The factory spring gets gummy from moisture. Sure-cycle the stock spring. Clean or replace the spring.

Additionally, carry some ‘Rem Oil’ in case the pistol breaks on a frigid morning in the middle of nowhere. Just apply some to the gun and it should start working smoothly.

5. Action Not Closing

The action won’t fully close or won’t go back in firing position. The bolt component partially closes, preventing the cannon from firing.

The Fix

Gunk can gather on the recoil return spring. Take the stock off, clean the spring assembly with Gun Scrubber or something similar, and lube it properly.

Try to use smooth-cased shells when shooting (not the ribbed shells like Federals).

User Feedback on Browning Gold Hunter

Users have recently been fixated on some bad press on the shotgun. But most of them consider this a good gun.

Its low recoil is considered a plus by users. But let me clear the underwhelming aspects first.

The gun has to be cleaned after each usage. This is irritating. A lot of effort goes into its maintenance because of this.

Additionally, the resale value is poor. It makes one doubt the credibility of these firearms.

Some users rave about the positives of the Winchester, which is a similar firearm built in the same facility. It is a direct competitor for the Browning Gold Hunter.

Moreover, mass-produced guns perform by the standards of any mass-produced product, disappointing after some usage. I would say, the moment you leave the store with it, they start depreciating rapidly!

Top 3 Alternative Guns of Browning Gold Hunter

Based on comparing the specs, features, practicality, and performance, I have found the 3 best alternatives to Browning Gold Hunter

Winchester SX3

Internally, the Browning Gold Hunter and the Winchester SX3 are almost similar (e.g: the gas systems). Mechanically, they are different.

SX3 requires less cleaning than the Gold Hunter. So a win there. Overall, there is not much difference between the two.

Remington 1100-G3

They are two quite different firearms, but both are of high quality. Remington 1100-G3 firearms have an outstanding combination of quality and dependability.

Browning Silver

It is based on and extremely similar to the Browning Gold. The Winchester SX2/SX3/SX4 and this rifle are nearly identical, except for a few minor cosmetic and weight variations. It handles light loads well and is quite dependable.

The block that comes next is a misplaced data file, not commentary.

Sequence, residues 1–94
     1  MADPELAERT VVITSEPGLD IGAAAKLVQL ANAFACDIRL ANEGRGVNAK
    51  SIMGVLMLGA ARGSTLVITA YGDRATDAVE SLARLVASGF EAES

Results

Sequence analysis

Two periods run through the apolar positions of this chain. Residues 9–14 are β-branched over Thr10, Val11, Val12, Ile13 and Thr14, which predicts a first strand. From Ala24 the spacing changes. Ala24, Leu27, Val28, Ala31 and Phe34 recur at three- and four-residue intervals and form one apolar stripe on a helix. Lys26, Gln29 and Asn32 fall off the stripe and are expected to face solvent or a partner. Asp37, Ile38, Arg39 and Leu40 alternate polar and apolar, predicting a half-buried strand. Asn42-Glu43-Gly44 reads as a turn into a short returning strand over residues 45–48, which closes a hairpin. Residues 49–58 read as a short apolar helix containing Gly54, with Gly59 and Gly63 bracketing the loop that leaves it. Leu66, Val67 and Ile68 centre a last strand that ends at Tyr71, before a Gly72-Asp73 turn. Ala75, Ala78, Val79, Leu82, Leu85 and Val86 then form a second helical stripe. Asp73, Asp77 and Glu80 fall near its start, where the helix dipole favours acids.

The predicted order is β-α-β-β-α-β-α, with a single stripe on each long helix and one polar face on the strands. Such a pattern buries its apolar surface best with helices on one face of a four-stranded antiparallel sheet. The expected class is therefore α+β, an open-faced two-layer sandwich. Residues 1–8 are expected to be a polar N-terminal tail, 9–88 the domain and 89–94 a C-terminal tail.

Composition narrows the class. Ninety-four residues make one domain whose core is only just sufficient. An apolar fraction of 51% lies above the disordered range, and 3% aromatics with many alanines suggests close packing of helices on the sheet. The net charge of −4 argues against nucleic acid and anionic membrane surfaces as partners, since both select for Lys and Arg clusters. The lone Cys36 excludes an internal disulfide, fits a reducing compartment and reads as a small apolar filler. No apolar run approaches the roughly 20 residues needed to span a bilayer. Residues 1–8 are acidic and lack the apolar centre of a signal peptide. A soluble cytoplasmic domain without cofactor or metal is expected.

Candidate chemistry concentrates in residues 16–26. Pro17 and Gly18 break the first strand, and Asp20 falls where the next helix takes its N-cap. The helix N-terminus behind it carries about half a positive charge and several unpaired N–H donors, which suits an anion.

Frequently Asked Questions (FAQs)

How is the Browning Gold and Silver different?

The Gold has a magazine disconnect which the Silver lacks.

What is the wood quality on Browning Gold Hunter?

Usually the Gold models have very nice to great wood on them.

When does the Browning Gold Hunter start to jam?

Around 100 rounds.

Why is the Browning Gold Hunter jam-o-matic?

The aluminum piston and also the factory greese that Browning typically packs their guns in are mostly the problem.

What is the quality of the Browning Gold Hunter?

Most Gold’s springs, even when fairly new, look worse than most other auto loaders after years of neglect.

What are some Browning Gold models with mag cutoff?

Gold Fusion and Gold Superlight (SL) models all have mag cutoff.


Although there were a few issues with the Browning Gold Hunter’s pre-2000 models, they were fixed soon after.

Regarding the jamming issues, just lower the trigger group and clean it as well as the interior of the mag tube about every six months. More frequently after a rain shower, or in extremely dusty or sandy places.

Clean the spring and tube in the butt stock perhaps once a year. And your rifle is as good as new.

Regarding resale, even $900 is a bargain for these weapons.

I am 70% sure you’ll like the gun. Let that guide you in your purchase! Cheers!